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Denmark-based Universal Robots (UR) has sold more than 50,000 collaborative robot arms since it was founded. It has a network of 1,100-plus integrators, distributors and independent partners worldwide helping it grow the collaborative robotics market.
Earlier this morning at Automatica in Munich, Germany, UR introduced its fastest, strongest cobot arm to date: the UR20, which offers a 20 kg payload, 1750 mm reach and 30% more speed and torque compared to its existing models. The company is calling the UR20 “the most innovative cobot we have produced.” Of course, the UR20 wasn’t built overnight. It’s taken UR 17-plus years to get to this point.
We thought it would be fun to look back at UR’s journey and highlight some of the milestones along the way.
2005: Universal Robots launches
Universal Robots is officially founded by three students who met at the University of Denmark: Kristian Kassow, Esben Østergaard and Kasper Støy. Their goal was to make robotic technology accessible to small and medium-sized enterprises. An investment by Syddansk Innovation, a venture capital firm based in Odense, Denmark, made the establishment of the company possible.
2008: UR sells its first cobot
UR’s first cobot sale was a UR5. It was purchased in December 2008 by Linatex, a Danish supplier of technical plastics and rubber for industrial applications. Linatex used the UR5 cobot to automate CNC machine tending. You can read about Linatex’s use of UR cobots here.
Østergaard delivered the cobot after having led a small team through three years of development in a basement at University of Southern Denmark.
2012: UR launches first-generation UR10
Targeted towards manufacturers with larger tasks, the first version of the UR10 featured a lifting ability of 10 kg and a reach of 130 cm. UR also established an American subsidiary based in New York.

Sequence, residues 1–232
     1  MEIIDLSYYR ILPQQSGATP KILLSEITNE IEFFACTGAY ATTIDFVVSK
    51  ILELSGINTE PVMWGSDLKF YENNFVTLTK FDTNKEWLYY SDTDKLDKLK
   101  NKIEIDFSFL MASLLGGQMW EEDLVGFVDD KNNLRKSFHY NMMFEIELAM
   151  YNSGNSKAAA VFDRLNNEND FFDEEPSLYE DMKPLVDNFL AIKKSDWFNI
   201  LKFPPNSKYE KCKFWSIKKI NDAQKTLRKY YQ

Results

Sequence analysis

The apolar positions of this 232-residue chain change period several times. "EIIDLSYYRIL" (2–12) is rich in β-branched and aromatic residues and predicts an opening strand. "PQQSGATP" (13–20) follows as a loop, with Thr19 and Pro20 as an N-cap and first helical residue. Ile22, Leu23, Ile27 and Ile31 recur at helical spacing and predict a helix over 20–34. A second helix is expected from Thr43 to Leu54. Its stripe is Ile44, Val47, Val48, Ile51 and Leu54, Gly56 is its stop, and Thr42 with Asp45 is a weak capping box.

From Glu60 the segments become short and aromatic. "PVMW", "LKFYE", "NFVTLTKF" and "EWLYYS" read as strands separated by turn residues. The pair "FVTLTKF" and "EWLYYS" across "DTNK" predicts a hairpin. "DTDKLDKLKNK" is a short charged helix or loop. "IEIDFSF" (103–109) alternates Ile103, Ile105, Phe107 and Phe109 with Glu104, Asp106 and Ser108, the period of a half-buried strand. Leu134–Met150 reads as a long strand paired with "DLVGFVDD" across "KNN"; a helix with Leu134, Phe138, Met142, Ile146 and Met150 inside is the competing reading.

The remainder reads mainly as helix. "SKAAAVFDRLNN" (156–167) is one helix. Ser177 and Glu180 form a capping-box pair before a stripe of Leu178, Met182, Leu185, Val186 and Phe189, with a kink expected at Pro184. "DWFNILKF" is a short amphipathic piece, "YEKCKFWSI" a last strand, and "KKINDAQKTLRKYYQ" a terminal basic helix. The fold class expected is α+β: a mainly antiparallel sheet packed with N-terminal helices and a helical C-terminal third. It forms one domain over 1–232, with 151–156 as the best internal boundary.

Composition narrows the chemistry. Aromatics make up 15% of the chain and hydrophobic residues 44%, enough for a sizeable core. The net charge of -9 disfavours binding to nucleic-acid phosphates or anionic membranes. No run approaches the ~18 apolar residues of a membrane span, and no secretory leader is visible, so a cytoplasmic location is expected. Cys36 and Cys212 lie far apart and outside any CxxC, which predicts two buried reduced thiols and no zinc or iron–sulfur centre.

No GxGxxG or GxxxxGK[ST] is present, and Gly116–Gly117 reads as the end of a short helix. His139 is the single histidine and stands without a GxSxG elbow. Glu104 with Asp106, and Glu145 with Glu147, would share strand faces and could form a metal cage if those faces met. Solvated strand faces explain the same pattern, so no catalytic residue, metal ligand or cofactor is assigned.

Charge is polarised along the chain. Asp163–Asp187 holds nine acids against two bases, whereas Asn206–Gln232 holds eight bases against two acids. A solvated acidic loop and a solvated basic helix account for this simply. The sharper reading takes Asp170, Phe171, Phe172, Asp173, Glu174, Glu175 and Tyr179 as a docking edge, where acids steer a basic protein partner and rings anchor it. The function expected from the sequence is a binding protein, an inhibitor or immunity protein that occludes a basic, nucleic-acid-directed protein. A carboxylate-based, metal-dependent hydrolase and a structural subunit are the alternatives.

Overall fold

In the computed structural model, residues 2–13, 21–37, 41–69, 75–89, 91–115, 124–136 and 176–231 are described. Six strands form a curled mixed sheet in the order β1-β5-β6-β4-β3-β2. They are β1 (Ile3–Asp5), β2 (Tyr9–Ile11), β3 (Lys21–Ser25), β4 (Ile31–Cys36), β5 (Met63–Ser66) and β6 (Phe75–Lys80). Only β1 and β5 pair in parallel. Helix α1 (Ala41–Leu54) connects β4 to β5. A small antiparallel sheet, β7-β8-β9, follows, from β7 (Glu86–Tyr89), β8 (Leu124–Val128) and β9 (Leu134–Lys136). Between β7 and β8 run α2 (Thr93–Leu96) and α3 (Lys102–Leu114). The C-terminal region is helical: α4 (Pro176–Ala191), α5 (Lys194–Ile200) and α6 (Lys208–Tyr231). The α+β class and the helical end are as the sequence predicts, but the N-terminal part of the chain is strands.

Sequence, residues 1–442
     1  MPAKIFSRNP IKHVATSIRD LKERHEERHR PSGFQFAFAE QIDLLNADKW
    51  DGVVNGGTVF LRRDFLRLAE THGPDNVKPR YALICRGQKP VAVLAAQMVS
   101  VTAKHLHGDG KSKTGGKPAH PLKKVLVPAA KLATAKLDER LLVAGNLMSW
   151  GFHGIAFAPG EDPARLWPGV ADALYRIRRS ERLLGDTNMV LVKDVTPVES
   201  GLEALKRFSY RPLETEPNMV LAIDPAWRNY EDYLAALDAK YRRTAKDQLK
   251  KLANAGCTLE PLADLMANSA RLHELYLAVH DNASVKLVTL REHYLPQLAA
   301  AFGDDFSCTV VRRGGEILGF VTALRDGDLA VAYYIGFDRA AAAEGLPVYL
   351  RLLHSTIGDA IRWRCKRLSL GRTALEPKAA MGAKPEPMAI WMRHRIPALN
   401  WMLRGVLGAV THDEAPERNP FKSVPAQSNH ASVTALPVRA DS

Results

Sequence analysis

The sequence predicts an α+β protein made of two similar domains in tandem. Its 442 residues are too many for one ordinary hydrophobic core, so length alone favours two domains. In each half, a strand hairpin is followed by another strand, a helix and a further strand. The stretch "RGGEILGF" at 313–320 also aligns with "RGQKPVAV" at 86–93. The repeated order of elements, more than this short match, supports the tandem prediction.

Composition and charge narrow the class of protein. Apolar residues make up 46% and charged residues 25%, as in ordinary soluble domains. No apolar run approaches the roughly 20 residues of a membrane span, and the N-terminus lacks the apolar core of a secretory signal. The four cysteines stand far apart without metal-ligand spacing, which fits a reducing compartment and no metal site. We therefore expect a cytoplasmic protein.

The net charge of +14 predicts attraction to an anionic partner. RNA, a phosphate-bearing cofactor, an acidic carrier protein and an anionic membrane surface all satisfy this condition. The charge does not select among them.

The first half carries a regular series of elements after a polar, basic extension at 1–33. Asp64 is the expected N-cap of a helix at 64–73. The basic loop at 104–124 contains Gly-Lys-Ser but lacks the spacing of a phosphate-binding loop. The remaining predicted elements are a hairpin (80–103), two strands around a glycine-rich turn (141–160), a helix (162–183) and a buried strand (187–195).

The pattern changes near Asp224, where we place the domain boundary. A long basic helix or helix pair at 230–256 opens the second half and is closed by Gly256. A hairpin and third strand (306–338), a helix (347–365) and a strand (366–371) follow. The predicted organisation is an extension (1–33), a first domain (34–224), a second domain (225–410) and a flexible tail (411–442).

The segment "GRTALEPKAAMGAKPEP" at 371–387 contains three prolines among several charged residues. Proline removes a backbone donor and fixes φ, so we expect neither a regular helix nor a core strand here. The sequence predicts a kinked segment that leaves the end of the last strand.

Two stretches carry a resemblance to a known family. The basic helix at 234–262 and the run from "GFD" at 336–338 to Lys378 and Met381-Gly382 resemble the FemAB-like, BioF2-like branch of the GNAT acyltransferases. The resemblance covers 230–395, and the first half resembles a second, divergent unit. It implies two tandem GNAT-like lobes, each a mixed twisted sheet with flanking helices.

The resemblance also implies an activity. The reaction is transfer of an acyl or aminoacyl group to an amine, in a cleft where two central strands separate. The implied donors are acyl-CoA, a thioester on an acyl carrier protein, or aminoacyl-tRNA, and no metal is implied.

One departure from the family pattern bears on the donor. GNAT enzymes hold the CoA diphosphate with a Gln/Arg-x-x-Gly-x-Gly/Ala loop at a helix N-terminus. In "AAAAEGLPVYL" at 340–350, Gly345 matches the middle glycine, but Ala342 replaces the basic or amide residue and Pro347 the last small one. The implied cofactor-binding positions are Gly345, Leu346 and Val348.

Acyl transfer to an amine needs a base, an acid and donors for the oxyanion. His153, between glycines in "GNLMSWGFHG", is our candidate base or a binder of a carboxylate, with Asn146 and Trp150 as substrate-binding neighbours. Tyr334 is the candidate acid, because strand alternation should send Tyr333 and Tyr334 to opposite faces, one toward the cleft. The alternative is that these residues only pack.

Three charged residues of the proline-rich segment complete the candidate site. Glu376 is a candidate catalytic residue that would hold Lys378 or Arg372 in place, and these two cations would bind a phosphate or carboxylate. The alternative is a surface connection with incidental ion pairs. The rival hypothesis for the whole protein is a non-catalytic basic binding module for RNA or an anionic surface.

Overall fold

2015: Teradyne acquires Universal Robots for $285M
Teradyne, a Massachusetts-based developer of electronic testing equipment, acquired UR for $285 in cash. The deal included a $65 million performance clause if certain targets were met.
At the time of the acquisition, Teradyne president and CEO Mark Jagiela said UR complements the company’s system and wireless test businesses while adding a powerful growth platform to the company. Teradyne has since expanded its industrial automation portfolio by acquiring AutoGuide Mobile Robots, Energid and Mobile Industrial Robots (MiR).
In 2015, Universal Robots also launched the table-top cobot UR3. The new 3 kilo payload cobot is ideal for light assembly tasks and automated workbench scenarios.
2016: UR+ ecosystem launches
The company launches the UR+ ecosystem, an online shop for grippers, accessories, vision systems and software needed to complete a cobot workcell.
2018: Introducing the e-Series
UR launched its e-Series cobots at Automatica in June 2018. The e-Series initially featured the UR3e (3 kg payload, 500mm reach), UR5e (5 kg payload, 850mm reach) and UR10e (10 kg payload, 1300mm reach). UR has since increased the UR10e’s payload to 12.5 kg and introduced the UR16e.
At the time, UR spokesperson told The Robot Report the e-Series was the equivalent of “upgrading from the old iPhone to a new iPhone.” Some of the major benefits included new software, a built-in force/torque sensor, a 500Hz bus frequency and a higher resolution teach pendant.
Also in 2018, Østergaard won the Engelberger Robotics Award, which has long been considered the Nobel Prize of robotics.
UR adds the heavy-duty UR16e to its portfolio, featuring a 16 kg payload capability. The cobot arm combines the high payload with a reach of 900 mm and pose repeatability of +/- 0.05 mm making it suited for automating tasks such as heavy-duty material handling, heavy-part handling, and machine tending.
2020: ActiNav autonomous bin picking
UR launched ActiNav, an autonomous bin-picking kit for machine-tending applications. ActiNav was an addition to the UR+ application kits, a series of “plug-and-produce” kits UR said will make it easier to deploy collaborative robots for common applications.
UR won a 2021 RBR50 Robotics Innovation Award for ActiNav. It uses a teach-by-demonstration approach via a wizard-guided setup process on the cobot’s teach pendant. The system can be deployed in less than two hours.
UR also in 2020 sold its 50,000th cobot ever. It was purchased by VEMA technische Kunststoffteile GmbH and VEMA Werkzeug- und Formenbau GmbH, a manufacturer located in Krauchenwies-Göggingen, Germany, that at the time had three other cobots from UR. Jürgen von Hollen, president of UR at the time, delivered the cobot to mark the milestone.
The UR20, which has been redesigned from the ground up, is the first model in a new series of next-generation cobots. The UR20 features a 20 kg payload, 1750 mm reach, ± 0.05 mm repeatability and up to 30% more speed and torque when compared to other UR cobots. The key to the increased performance is a new joint design.
UR told The Robot Report additional new cobots will be introduced in late 2023 or early 2024.